Economic policies instituted by the Nigerian government are fighting back like a cornered fox. The National Bureau of Statistics (NBS) on Friday released its Consumer Price Index Report for December 2019, with inflation rate spiralling from 11.85% the month before to 11.98%, the highest in four months.
Inflation in Nigeria has been on the rise for four consecutive months and data gleaned from the document reveal that inflation rate rose year on year from 11.44% at the end of 2018 to 11.98% as 2019 wound down.
Trend shows that the four months started from September, following government’s decision the month before close some of its land borders.
That protectionist reform received a boost last October, when the customs chief announced that movement of goods through land borders had been indefinitely suspended.
Beyond its detrimental impact of trade, economic pundits worry that border closure will stand in the way of the African Continental Free Trade Agreement (AfCFTA), especially its ambition of achieving seamless intra-African trade by removing hard border, when it eventually launches.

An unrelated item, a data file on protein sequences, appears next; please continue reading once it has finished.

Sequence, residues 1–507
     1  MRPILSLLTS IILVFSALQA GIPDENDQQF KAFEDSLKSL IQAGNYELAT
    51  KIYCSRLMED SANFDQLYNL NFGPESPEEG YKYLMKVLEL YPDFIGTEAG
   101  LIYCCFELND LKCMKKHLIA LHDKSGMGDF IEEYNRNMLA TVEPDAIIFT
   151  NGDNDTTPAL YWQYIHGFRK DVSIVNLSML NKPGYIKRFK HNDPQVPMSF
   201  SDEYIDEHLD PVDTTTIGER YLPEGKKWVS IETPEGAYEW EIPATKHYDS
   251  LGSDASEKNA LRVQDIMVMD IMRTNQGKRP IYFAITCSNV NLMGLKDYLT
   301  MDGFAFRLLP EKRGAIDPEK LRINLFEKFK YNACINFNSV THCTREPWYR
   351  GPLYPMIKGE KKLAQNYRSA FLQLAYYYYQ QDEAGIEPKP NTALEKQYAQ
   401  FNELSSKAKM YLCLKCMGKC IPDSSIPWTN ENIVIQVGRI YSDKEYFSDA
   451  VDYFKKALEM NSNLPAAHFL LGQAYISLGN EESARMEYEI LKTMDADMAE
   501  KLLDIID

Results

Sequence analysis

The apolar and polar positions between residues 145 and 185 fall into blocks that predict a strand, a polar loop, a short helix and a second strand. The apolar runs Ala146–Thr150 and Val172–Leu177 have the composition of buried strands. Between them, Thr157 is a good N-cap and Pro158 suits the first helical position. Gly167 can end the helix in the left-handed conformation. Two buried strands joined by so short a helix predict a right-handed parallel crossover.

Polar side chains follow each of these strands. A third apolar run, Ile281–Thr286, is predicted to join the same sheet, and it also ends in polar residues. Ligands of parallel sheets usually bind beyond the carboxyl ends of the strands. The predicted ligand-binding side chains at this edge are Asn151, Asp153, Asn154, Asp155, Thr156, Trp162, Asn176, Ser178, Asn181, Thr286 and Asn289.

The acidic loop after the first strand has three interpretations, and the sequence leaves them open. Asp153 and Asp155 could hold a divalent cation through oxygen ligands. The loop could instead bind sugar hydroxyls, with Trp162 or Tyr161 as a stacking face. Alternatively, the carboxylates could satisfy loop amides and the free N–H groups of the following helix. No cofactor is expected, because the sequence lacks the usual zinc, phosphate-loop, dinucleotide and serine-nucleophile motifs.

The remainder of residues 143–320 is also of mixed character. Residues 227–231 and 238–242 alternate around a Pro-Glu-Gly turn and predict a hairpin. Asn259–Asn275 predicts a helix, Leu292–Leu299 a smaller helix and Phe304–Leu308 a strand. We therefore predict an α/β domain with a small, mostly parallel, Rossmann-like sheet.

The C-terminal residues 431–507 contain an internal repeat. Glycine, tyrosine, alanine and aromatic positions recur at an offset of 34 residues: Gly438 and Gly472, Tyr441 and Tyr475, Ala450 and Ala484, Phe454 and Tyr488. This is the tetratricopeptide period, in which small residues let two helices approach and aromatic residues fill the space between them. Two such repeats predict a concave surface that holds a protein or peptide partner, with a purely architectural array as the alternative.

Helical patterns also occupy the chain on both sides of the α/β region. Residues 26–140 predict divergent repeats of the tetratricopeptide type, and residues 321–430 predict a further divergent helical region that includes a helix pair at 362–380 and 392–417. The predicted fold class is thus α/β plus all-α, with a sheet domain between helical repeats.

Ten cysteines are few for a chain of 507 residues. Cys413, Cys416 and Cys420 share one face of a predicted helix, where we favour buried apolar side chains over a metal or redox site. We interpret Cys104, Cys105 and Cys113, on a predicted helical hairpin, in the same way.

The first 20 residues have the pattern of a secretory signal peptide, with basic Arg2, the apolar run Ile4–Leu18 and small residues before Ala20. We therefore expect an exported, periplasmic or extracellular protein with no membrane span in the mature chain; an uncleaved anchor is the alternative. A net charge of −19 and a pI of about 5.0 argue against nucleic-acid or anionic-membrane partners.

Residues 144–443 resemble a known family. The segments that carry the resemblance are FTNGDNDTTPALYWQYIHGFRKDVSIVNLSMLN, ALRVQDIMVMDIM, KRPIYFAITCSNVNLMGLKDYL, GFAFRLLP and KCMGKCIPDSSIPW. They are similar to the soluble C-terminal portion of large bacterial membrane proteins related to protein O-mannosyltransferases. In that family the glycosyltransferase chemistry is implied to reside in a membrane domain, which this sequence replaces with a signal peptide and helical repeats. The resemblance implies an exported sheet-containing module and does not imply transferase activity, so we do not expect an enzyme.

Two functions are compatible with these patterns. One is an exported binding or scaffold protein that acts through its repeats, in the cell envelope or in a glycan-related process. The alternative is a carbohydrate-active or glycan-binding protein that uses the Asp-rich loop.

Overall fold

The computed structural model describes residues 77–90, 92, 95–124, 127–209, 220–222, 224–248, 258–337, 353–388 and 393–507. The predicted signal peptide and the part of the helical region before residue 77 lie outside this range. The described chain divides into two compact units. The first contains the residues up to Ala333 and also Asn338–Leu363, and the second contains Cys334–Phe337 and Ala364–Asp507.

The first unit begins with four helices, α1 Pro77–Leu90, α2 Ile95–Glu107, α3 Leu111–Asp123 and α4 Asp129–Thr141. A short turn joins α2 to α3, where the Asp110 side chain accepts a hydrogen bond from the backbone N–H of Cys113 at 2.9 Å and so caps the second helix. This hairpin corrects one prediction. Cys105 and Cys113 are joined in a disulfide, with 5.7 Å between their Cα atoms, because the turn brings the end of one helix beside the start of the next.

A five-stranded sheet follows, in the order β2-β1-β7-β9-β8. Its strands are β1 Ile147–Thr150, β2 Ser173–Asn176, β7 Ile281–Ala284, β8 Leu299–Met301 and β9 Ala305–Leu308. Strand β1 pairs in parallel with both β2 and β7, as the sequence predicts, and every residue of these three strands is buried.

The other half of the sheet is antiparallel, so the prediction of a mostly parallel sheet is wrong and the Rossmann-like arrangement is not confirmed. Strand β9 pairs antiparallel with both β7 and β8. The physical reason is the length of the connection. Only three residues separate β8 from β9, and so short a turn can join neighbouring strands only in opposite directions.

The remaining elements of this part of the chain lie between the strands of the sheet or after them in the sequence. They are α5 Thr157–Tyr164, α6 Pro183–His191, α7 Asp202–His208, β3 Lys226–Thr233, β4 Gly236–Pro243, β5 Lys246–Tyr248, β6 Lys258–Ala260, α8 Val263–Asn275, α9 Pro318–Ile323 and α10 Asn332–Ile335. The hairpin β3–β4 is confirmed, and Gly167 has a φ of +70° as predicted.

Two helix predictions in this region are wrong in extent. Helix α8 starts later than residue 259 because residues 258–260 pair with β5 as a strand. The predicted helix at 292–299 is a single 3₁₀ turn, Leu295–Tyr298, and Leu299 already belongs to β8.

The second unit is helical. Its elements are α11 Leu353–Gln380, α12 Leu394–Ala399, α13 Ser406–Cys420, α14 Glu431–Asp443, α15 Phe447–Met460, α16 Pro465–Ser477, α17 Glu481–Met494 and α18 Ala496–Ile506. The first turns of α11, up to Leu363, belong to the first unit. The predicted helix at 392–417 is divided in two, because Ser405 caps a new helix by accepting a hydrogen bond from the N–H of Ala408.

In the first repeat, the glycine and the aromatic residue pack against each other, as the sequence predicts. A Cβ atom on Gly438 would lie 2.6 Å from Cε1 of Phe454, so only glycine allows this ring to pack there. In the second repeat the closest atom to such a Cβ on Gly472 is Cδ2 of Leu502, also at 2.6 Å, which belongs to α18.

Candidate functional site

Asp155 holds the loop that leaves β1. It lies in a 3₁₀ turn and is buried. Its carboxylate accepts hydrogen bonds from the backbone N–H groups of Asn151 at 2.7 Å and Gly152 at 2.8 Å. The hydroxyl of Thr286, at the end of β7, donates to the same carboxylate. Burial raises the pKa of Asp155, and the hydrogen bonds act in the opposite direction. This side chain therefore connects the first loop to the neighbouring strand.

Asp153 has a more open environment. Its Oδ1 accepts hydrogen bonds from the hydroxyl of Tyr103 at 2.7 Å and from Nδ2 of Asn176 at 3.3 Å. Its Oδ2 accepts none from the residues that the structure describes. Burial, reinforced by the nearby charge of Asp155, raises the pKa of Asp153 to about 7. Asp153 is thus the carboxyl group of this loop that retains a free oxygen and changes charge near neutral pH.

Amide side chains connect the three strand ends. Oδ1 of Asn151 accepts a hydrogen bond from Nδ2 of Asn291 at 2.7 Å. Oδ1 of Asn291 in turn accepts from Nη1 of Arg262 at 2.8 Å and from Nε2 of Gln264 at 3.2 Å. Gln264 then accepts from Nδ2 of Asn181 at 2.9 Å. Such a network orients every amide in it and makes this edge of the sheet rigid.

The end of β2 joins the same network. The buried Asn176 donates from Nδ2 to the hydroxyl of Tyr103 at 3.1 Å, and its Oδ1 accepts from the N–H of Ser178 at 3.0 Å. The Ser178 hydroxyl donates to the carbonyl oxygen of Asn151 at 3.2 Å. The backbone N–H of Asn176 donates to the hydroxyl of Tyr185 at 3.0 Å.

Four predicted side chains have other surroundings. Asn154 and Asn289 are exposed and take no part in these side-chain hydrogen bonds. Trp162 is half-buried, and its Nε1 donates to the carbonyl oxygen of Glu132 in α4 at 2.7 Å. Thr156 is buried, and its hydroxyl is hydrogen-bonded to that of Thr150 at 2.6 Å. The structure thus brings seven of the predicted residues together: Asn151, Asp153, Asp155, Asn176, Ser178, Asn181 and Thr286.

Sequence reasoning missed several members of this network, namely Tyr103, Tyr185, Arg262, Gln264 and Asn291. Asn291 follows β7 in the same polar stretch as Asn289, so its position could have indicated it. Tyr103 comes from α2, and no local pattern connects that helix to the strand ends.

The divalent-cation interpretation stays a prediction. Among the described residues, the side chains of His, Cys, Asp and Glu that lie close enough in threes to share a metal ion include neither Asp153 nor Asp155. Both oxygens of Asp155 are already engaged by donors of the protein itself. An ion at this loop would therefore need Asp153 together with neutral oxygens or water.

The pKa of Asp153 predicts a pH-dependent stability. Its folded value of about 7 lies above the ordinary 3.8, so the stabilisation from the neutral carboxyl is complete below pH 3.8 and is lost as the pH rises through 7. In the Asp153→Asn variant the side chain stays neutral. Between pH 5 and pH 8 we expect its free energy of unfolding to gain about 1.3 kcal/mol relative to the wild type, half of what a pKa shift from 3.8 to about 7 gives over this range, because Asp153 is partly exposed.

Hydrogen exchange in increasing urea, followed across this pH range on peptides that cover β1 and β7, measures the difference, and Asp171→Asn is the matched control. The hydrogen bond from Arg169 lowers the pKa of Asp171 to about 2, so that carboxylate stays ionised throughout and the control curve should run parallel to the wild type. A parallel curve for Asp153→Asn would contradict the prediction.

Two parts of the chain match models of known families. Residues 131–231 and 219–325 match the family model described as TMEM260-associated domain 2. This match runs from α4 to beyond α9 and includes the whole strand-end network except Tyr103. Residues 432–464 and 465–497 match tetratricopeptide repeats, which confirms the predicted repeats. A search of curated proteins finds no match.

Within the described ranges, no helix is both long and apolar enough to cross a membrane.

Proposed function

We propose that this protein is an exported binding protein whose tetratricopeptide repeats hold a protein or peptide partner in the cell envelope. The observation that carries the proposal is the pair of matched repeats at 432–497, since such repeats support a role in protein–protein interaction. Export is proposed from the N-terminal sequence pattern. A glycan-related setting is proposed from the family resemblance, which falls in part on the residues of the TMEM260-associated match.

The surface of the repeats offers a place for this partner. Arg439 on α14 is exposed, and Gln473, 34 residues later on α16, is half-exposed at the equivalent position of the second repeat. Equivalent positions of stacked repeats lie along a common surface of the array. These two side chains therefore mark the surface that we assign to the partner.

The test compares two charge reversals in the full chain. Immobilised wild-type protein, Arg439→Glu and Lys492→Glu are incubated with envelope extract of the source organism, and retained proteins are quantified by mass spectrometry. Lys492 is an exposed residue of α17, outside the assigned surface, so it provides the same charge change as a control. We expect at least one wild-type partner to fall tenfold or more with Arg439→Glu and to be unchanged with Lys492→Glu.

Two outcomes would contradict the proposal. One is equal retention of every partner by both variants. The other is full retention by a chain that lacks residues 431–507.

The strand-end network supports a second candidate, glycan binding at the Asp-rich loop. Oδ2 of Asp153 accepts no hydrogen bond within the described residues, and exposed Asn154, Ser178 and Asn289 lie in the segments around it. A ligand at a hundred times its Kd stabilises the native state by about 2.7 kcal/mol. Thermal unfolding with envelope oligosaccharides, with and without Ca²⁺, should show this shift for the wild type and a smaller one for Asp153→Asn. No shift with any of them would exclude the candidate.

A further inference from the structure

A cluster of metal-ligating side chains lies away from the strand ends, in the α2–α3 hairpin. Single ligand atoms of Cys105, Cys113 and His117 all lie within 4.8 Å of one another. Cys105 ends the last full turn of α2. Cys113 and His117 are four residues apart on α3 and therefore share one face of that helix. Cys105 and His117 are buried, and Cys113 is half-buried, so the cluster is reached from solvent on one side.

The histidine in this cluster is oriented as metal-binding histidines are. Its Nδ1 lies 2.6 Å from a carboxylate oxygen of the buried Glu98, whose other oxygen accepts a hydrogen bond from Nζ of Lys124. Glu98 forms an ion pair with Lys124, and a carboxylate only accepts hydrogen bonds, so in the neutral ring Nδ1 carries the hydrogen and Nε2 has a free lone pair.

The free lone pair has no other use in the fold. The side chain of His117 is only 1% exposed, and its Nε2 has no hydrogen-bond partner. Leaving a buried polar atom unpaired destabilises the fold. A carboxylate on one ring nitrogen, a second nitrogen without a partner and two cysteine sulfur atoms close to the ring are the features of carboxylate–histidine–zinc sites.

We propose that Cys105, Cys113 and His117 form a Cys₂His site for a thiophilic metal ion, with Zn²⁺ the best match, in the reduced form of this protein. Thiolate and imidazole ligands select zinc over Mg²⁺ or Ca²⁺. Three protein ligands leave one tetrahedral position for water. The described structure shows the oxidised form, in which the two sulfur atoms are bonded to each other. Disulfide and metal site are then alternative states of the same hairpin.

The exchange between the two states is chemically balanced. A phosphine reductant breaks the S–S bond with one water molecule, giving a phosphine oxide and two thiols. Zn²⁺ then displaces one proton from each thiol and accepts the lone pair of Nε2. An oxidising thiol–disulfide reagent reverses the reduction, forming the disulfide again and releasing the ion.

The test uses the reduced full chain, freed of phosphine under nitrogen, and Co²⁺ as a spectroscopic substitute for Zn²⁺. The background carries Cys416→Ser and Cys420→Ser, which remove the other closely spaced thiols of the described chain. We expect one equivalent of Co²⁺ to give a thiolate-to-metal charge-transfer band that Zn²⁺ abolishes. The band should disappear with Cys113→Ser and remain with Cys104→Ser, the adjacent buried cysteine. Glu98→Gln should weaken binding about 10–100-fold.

The four-month period is the longest inflationary run in roughly two years, putting further strain on both disposable and discretionary incomes, as the value of Naira shrinks tighter.
Data gleaned from the bureau suggest that the upward progress of inflation would have had far-reaching negative implications for household income and consumer spending. For instance, food inflation, a major constituent of the inflation index, surged by 14.67% in December 2019, up from 14.48% posted the month before.
Spikes in the prices of staples like meat, fish, bread and cereals, oils and fats, potatoes, yams and other tubers accounted for the rise in the food index.
With the implementation of the new Value Added Tax (VAT) rate of 7.5% beginning this week, the Organised Private sector has lambasted the new fiscal regime, especially its potential to up the poverty level government has claimed numerous times to be curbing. Government has made its relentless resolve to amass well over N2 trillion from VAT alone this year known even if this means that it would impoverish the teeming population of Nigeria poor people more.
The Finance Act is government’s sleight of hand aimed at making the rich richer and the poor poorer in the name of economic expansion.
Timothy Olawale, the Director General of Nigeria Employers’ Consultative Association (NECA) said earlier this week that “the common man will definitely be at the receiving end of the increase in VAT. Even if businesses are taxed more through likely illegal levies and rates outside the provisions of the law, they will naturally pass the cost to the customers whose purchasing power is already at the lowest ebb.”
It is probable that the course inflation will take as the years advances will confound the expectations of many as the year advances.
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